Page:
Smarter Urban Dynamics - Public Transport Awareness



PTA (Public Transport Awareness) is an high-throughput mechanism to sense, optimize and manage the public transit infrastructure. PTA processes, stores and displays passengers and vehicle movements across a public transport network in real time. Example of data sources of information supported by PTA include Automated Vehicle Location (AVL) systems, Automated Number Plate Recognition systems, induction loops at traffic intersections, and other opportunistic sources of trajectory data including smart-phones, and Bluetooth readers. PTA makes use of such data collected from a variety of sources to gain a more accurate insight about the performances of the transport infrastructure and enable real time traffic monitoring and management. PTA Features include:

  • Scalable real time analytics that continuously analyses data from standard Automatic Vehicle Location (AVL) systems and compute Key Performance Indicators about the state of the transport infrastructure.
  • Automated generation of reliable infrastructure data including transport routes and stop locations from historical vehicle trajectory traces.
  • Inferred road speed, vehicle volume, and bus bunching.
  • Adaptive Estimated Time-of-Arrival (ETA) predictive analytics that adapt the quality of the ETA depending on what information is available at the moment.

 

PTA must answer major challenges in order to be flexible and powerful enough to handle diverse demands from a large user base. The first challenge is one of scalability. As various kinds of sensor technologies become ubiquitous, the massive amount of data they produce must be analyzed in real-time, and fused in large system states (e.g., road networks) that can potentially contain millions of elements. A second challenge is the quality of the data. As the sensor technologies grow larger so does the risk of receiving invalid data from faulty sensors, or noisy data from less accurate sensors. Data sparsity is another challenge. Even though the volume of data can be extremely large, because of the equally large dimension space of the system, the volume is usually insufficient for deriving accurate traffic models. Another challenge is the development of the computing infrastructure required to support the needed functionality of ITS, especially given the large volumes and variety of data available and the diverse set of parties involved in providing this data. These systems access a broad spectrum of data source types that produce a heterogeneous mix of content with varying degrees of quality. The different types developed by different parties may necessitate proprietary software components to access the data, which are not necessarily developed with interoperability in mind. A final challenge is different kinds of end-users have different needs for the traffic-data. These users not only pose large numbers of simultaneous analysis requests, but also require analyses of significantly different natures, the result of which must be displayed in near real time in the respective clients.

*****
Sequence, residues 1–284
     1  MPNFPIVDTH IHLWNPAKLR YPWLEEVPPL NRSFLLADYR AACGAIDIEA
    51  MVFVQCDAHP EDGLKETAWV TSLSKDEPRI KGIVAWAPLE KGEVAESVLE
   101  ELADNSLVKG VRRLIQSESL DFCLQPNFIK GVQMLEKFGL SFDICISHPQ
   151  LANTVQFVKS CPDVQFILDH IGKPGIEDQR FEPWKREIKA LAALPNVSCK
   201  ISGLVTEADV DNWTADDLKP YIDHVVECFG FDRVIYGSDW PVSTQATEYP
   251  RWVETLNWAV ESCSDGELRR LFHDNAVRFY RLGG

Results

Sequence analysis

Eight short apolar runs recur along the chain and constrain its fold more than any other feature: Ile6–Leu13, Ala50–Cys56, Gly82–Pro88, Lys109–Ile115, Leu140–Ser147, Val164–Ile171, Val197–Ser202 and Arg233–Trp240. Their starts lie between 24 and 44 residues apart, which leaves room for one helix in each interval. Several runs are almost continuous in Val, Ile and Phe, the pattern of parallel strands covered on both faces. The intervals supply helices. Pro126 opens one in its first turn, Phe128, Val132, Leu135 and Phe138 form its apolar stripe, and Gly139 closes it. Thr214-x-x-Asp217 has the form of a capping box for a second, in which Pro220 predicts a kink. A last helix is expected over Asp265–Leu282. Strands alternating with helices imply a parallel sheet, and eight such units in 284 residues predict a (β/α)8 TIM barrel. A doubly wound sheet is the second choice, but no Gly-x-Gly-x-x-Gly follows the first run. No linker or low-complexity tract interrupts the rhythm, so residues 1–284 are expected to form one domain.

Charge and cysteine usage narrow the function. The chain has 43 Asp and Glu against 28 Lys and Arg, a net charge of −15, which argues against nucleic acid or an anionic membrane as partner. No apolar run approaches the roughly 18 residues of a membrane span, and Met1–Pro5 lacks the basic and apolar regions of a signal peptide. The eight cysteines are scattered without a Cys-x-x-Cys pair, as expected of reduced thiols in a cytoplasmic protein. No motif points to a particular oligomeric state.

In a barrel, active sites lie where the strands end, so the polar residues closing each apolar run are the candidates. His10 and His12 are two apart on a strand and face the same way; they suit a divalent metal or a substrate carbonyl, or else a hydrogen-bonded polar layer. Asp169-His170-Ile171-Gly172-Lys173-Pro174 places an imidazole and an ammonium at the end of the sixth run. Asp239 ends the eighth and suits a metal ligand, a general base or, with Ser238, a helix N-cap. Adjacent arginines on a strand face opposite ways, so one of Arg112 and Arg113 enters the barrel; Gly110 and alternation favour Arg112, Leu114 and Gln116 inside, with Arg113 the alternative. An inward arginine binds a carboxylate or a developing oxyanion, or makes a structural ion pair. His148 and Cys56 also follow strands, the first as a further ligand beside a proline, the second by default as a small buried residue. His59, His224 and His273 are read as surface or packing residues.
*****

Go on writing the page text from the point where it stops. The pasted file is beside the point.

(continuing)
To address those challenges PTA analytics are executed on the IBM InfoSphere Streams computing platform. InfoSphere Streams was selected here because of its ability to execute complex analytics with very low latency requirements on massive amount of data with a minimum hardware footprint. Also the data streams programming paradigm provides a platform on which scalable solutions can be built to address the challenges of data quality, data sparsity, and diversity of data sources and user requests. Futhermore, InfoSphere Streams application are modular and consists of reusable components from libraries of data mining, time series analytics and geospatial analytics. Thanks to this programming model, PTA is highly flexible and can easily and rapidly be adapted to answer city specific requirements.

PTA Architecture

PTA architecture

Papers

 

  • Predicting arrival times of buses using real-time GPS measurements. M Sinn, JW Yoon, F Calabrese, E Bouillet 5th International IEEE Annual Conference on Intelligent Transportation Systems (ITSC), 2012
  • Time of arrival predictability horizons for public bus routes. C Coffey, A Pozdnoukhov, F Calabrese, Proceedings of the 4th ACM SIGSPATIAL International Workshop on Computational Transportation Science, 2011.
  • System and Analytics for Continuously Assessing Transport Systems from Sparse and Noisy Observations: Case Study in Dublin. L Gasparini, E Bouillet, F Calabrese, O Verscheure, B O\'Brien, M O\'Donnell, IEEE International Conference on Intelligent Transportation Systems, 2011.